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Wilcox Fashion Design and Production Students Star on Stage

Wilcox Fashion Design and Production Students Star on Stage

Everyone was a star in “Passion for Fashion,” Wilcox High School’s sixth annual fashion show May 17 at the Mission City Center for Performing Arts.

Emcees Kim Nguyen and Teresa Sanchez described the forty-five minute show produced by the Introduction to Fashion Design and Production class as, “the collective bloom of these students’ passion for fashion.”

Colorful, handmade tissue paper flowers bloomed on the stage floor. As music played, the fashion designers—or their chosen models—strode briskly onto the stage wearing their hot, hip, original fashions and smiles. With about 65 designs to model, they had to hustle on and off the stage in about thirty seconds. The audience dared not glance away lest they miss their favorite designer’s moments of stardom.


The students (and a few scene-stealing youngsters) modeled cotton shorts, PJ bottoms, and pants; a sailor top, zebra-print blouse, and multicolor tunic; thigh-high to floor-length skirts; cotton print sundresses and formal satin dresses; and accessories—scarves, tote bags, backpacks, and a ruffled apron. They wore fashion jewelry provided by Stella & Dot (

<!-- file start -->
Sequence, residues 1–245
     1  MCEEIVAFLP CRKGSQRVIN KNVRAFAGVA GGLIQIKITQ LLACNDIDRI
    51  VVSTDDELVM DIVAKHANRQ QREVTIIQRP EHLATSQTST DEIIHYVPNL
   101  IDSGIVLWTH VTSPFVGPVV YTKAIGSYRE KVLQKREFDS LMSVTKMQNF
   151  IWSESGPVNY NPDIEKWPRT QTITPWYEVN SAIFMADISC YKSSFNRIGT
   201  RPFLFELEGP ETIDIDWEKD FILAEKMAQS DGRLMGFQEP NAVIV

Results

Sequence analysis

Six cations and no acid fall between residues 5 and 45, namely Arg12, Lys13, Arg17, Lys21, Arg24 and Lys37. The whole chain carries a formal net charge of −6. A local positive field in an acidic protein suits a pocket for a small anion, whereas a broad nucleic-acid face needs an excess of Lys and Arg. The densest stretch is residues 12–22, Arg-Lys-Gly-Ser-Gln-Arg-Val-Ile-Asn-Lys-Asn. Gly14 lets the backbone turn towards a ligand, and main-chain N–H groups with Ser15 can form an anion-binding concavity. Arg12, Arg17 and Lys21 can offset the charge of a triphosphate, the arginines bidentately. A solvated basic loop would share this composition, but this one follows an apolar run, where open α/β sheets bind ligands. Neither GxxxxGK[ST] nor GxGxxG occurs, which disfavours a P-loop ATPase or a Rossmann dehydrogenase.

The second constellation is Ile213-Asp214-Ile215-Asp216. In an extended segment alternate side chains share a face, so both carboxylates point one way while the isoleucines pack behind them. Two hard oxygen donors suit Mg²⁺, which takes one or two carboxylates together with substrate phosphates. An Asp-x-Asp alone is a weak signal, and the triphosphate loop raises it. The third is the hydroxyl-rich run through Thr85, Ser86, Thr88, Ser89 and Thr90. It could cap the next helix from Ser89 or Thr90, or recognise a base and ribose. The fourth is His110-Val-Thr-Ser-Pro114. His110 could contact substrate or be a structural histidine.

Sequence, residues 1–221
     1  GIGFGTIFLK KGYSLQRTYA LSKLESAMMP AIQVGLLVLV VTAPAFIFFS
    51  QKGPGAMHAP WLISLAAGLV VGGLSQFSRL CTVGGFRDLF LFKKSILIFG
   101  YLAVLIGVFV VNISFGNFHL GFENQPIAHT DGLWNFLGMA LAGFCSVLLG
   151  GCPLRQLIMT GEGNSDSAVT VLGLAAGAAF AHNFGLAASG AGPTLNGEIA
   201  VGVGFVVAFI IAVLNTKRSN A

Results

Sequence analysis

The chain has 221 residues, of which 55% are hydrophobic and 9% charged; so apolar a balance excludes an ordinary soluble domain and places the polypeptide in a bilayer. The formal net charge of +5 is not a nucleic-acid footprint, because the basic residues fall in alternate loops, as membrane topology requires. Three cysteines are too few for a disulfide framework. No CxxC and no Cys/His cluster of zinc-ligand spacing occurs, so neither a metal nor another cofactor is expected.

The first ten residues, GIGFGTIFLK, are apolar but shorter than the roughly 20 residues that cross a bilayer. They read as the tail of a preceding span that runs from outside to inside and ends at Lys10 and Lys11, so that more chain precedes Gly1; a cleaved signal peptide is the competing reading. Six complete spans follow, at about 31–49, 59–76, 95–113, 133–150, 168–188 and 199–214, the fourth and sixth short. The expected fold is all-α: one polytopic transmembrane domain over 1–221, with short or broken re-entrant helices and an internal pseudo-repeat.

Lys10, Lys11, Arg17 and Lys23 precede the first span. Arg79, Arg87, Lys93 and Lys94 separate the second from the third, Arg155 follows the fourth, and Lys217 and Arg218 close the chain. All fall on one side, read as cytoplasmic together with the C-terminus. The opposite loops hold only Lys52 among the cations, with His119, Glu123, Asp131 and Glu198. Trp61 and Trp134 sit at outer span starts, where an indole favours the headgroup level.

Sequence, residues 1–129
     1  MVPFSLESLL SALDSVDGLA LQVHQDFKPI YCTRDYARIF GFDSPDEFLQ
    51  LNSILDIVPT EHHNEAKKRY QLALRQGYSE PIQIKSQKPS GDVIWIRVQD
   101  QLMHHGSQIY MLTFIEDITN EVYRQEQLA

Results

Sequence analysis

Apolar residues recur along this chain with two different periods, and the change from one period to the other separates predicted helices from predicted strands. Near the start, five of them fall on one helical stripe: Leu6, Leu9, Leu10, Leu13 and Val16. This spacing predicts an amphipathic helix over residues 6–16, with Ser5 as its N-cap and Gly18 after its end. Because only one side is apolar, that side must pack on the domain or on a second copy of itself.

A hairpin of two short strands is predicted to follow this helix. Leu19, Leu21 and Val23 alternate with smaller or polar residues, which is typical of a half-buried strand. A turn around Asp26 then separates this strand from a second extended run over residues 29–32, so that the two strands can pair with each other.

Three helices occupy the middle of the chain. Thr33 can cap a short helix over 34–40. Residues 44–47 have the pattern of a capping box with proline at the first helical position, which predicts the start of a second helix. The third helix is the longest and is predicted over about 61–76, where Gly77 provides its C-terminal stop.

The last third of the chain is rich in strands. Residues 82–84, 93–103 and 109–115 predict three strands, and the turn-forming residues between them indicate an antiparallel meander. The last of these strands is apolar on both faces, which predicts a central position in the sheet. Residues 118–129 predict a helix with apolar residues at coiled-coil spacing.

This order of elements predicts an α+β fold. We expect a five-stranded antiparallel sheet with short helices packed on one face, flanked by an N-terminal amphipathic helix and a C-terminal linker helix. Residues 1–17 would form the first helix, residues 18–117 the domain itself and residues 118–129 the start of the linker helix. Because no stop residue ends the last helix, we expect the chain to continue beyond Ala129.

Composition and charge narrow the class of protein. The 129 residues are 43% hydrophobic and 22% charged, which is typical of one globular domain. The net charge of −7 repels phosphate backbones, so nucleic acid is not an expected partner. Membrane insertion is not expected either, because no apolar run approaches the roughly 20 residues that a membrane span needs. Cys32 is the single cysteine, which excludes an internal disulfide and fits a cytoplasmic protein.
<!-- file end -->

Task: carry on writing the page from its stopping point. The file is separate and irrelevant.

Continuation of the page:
Models carried whimsical home decor pillows shaped as frogs, a ladybug, and a heart. For the grand finale, all the designers and models paraded around the auditorium together.

“I’m happy the students have a chance to be stars for the evening and show their creations,” says Cathy Rubin, fashion program coordinator and teacher. “This is their special chance to star. I hope they feel proud. They started out not knowing how to sew before.”

About 25 students are in the introductory fashion design and production program, which is part of Santa Clara Unified School District’s Career Technical Education Program. Rubin developed and introduced the three-year fashion program eight years ago, and it follows state standards, including developing viable business models.

Students design and sew their creations in the classroom, working independently. Those who complete two or more years of the program with a grade of B or better, earn credit at West Valley College.

“The class is a change of pace. It’s very satisfying to make something with your hands,” says Rubin.

Senior Kaylyn Phu is interested in costume design. Senior Kim Nguyen plans to enroll at the Fashion Institute of Design and Merchandising’s San Francisco campus to study visual communication, qualifying her to set up fashion shows and coordinate displays.

“I’ve learned that this takes patience and a lot of creativity and thinking outside the box,” says senior Cashae Williams, who plans to become a stylist, dressing models and celebrities. Her sister, Tiara Williams, recorded the entire fashion show on her cell phone.

While the fashion design and production program is a career pathway for just a few students, it teaches life skills and creative relaxation for all. And every student with a passion for fashion is a star.



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